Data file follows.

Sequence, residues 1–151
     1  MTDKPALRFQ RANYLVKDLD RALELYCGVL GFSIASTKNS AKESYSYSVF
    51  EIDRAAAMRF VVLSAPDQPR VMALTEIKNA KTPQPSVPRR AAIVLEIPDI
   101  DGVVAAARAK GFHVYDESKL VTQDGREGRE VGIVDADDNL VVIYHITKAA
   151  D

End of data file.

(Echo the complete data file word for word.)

Sequence, residues 1–151
     1  MTDKPALRFQ RANYLVKDLD RALELYCGVL GFSIASTKNS AKESYSYSVF
    51  EIDRAAAMRF VVLSAPDQPR VMALTEIKNA KTPQPSVPRR AAIVLEIPDI
   101  DGVVAAARAK GFHVYDESKL VTQDGREGRE VGIVDADDNL VVIYHITKAA
   151  D